Now that my show's up and running at Flashpoint, and people occasionally write about it, I've noticed that I'm usually referred to as an illustrator but never a fine artist. Which isn't something I take offense at, of course, but is not a description that seems entirely accurate.
Yes, I am being pedantic. I have a degree in illustration after all, have taken on the odd illustration job in the past, and most of my favorite artists tend to be illustrators or cartoonists. But for the small subset of people who do care about such distinctions, here is why I am still not an illustrator:
Illustration is a blanket term that implies that the work in question is depicting a specific idea. The best definition of it I ever heard actually came from the cartoonist Dash Shaw, at a reading at Atomic Books: "An illustration tells you what a thing is, and how you should feel about that thing." Fine artists can get away with saying something like, "This piece is about space and light" and no one will ask any follow up questions. An illustration, on the other hand, needs to have some semblance of specificity—the work needs to be about something, not just its form. My drawings may be cartoonish and representational, but it is never 100% obvious as to what they are about in the first place, which to my mind, disqualifies them from being illustrations.
Fine art also means you don’t have to answer to art directors, which is why I chose it, or rather, it chose me. But it was never that I didn’t want to be an illustrator. I would love to be the type of artist who can read an editorial and create a piece that wordlessly captures its point of view, and I am wholeheartedly jealous of anyone who has that ability. It’s just that I realized having to draw something in particular was my equivalent of artistic cyanide. The only way I know how to draw anything good is to be as unspecific about its meaning as possible.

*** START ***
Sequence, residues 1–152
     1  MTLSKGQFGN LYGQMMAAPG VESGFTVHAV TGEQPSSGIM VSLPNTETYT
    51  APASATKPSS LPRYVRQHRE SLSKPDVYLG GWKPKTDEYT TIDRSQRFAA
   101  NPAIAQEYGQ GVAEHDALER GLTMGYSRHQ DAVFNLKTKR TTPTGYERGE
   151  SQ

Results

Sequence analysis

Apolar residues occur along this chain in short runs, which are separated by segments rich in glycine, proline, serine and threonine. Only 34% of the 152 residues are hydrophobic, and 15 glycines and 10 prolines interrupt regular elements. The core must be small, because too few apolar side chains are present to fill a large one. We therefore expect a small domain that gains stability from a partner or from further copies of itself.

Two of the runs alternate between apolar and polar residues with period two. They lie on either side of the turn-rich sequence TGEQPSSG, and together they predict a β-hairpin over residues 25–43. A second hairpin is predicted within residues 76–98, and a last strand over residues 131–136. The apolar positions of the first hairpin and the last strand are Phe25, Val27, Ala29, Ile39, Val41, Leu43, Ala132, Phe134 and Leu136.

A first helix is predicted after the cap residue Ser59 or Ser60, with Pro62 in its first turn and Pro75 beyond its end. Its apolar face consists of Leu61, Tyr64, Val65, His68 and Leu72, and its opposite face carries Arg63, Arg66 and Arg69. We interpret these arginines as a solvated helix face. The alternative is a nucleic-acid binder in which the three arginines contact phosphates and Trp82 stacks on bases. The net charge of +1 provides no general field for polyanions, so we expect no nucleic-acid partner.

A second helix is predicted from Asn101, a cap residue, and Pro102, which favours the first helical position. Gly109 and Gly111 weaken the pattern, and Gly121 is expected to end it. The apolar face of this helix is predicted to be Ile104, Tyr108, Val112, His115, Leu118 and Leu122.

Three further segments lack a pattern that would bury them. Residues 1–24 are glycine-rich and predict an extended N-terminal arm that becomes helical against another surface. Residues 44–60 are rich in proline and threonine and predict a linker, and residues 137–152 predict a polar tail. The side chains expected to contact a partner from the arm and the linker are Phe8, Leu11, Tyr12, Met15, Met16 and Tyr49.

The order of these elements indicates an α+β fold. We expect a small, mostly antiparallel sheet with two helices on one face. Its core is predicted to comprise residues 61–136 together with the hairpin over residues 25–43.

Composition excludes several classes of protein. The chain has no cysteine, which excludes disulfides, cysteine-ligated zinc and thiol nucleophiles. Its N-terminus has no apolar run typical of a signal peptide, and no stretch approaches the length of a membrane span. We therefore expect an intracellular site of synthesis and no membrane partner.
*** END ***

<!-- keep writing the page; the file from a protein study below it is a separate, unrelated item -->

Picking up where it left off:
Occasionally you will hear illustration used as a derogatory term, i.e., the whole, "That's not art, it's illustration" sniff, if a piece in question appears too commercial or heavy-handed. There are some heartbreaking pictures that do look as though they were manufactured by a machine in a factory, but I still bristle when I hear that slam, as it's generally a lazy shorthand for, "This is why you don't have to care about it." Illustration and fine art are different beasts, and there are lots of blurry lines between the two, but to say one is superior or more important than the other is just plain wrong.
At any rate, dwelling on definitions gets tedious pretty quickly, and the more interesting conversations tend to be about the art itself, not what taxonomy it falls under. And as a former English professor once said, when students were explaining the differences between Painting and GFA majors: "Whatever. It's all pictures."